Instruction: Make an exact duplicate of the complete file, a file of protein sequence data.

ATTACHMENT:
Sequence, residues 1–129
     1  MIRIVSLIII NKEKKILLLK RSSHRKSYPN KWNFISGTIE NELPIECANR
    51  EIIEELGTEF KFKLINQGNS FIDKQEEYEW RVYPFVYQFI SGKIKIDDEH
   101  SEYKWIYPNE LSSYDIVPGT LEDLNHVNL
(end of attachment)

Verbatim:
Sequence, residues 1–129
     1  MIRIVSLIII NKEKKILLLK RSSHRKSYPN KWNFISGTIE NELPIECANR
    51  EIIEELGTEF KFKLINQGNS FIDKQEEYEW RVYPFVYQFI SGKIKIDDEH
   101  SEYKWIYPNE LSSYDIVPGT LEDLNHVNL